Retention: A key to our future
September 8, 2009
Filed under Liz Walz
I read a newspaper story today about a man in his 20s who, after being laid off by Hatteras Yachts, signed up for a N.C. community college computer tech program. In fact, community colleges across the state are reporting jumps in enrollment, due in part to laid-off workers seeking training in new fields, according to the thetimesnews.com. I would venture to guess that's true across the country.
With marine industry unemployment estimated at 70 percent, that trend scares me. If much of our experienced workforce has found employment in other fields, what chance do we have of attracting them back to the boating business when we need them? Chances are the industry won't see a return to the volume we experienced three or four years ago — at least not anytime soon — and there's no doubt that downturns do a great job of teaching companies how to get the most out of each of their current employees. But as the market starts to recover, we will need to rehire for some positions. And it's in the industry's best interest to rehire the high performers among those we let go, even though they're the ones most likely to find other jobs.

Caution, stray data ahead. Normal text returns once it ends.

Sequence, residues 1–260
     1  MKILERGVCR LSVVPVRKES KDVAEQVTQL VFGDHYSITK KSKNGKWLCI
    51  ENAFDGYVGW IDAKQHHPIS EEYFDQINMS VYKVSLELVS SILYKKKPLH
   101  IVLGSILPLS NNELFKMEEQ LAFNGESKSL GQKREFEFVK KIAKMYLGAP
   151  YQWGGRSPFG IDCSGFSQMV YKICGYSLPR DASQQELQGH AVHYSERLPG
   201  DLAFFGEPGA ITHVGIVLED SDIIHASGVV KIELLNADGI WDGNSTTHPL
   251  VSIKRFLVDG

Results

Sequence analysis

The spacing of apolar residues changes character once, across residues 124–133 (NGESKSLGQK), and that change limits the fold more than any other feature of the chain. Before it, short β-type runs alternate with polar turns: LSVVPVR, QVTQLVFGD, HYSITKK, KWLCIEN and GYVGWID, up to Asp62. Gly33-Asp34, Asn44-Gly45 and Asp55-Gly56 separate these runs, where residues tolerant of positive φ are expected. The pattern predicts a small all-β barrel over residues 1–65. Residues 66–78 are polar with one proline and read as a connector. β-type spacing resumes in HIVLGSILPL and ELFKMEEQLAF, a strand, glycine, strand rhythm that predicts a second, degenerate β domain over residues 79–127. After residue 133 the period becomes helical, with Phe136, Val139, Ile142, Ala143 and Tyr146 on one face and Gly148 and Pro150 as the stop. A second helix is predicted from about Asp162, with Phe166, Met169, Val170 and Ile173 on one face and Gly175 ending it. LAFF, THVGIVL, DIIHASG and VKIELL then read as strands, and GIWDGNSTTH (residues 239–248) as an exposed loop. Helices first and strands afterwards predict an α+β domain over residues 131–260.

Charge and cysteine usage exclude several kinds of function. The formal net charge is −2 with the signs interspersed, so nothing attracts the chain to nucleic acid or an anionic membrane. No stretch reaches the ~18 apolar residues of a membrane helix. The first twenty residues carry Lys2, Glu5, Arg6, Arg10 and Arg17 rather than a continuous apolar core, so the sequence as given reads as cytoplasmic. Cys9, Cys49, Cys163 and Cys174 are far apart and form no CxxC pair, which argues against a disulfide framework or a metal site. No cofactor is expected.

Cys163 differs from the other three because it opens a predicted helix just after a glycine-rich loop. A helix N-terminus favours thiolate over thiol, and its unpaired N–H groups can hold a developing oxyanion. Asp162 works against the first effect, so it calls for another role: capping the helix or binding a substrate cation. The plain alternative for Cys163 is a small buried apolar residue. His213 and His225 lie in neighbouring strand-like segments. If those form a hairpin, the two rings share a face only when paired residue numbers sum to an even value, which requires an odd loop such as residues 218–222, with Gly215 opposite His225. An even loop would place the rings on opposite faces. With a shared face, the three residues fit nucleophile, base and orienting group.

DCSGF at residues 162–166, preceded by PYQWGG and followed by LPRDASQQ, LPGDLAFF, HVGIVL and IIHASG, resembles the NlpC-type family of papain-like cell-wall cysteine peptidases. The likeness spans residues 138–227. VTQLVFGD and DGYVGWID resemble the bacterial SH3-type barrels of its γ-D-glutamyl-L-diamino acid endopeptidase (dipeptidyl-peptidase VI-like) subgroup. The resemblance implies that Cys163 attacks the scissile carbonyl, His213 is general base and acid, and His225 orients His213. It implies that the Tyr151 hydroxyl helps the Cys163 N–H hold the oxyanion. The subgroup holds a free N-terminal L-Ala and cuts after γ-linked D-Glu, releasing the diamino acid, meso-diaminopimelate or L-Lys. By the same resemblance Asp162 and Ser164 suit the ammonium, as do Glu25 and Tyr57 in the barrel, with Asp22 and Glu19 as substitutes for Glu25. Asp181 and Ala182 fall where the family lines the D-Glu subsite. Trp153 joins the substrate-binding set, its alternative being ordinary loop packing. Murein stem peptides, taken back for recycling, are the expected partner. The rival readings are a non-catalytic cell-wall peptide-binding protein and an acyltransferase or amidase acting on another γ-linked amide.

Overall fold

If we have to start from scratch when the time comes to fill some of those former positions, it'll not only slow our ability to ramp up our operations, but it also may be quite an expensive proposition. In a March article, Fortune magazine reported on the costs associated with layoffs, one of which it identified as rehiring. The authors of "The Carrot Principle: How the Best Managers Use Recognition to Engage Their People, Retain Talent and Accelerate Performance" report that the cost of replacing a departing employee can be as high as 250 percent of that person's annual salary.
So, where does the industry start in retaining these high performers? I have a few ideas. It begins with how we handle the layoff procedure, which I wrote about in a blog earlier this summer. If we can help a former employee find a position or pursue educational opportunities that will add to their boating business skills and experience, we're much more likely to have the opportunity to rehire them down the road.
Helping them stay connected with their marine industry friends and colleagues is another way to keep them close. Some boat manufacturers and dealerships, for example, have an "alumni" page on Facebook or other social networking sites that current and former employees can use to stay in touch.
Most marine businesses aren't ready to rehire yet. And given the tendency for the recovery of recreational industries to lag behind that of the larger economy, it may be a while before we're ready. But that time will come, and when it does, I hope we're prepared. Most of us can't afford not to be.
We invite boat business professionals and laid-off marine industry workers to share their plans for getting through the downturn and emerging stronger on the other side. Are there steps laid-off workers, companies or the industry at large should be taking to build a better future for themselves?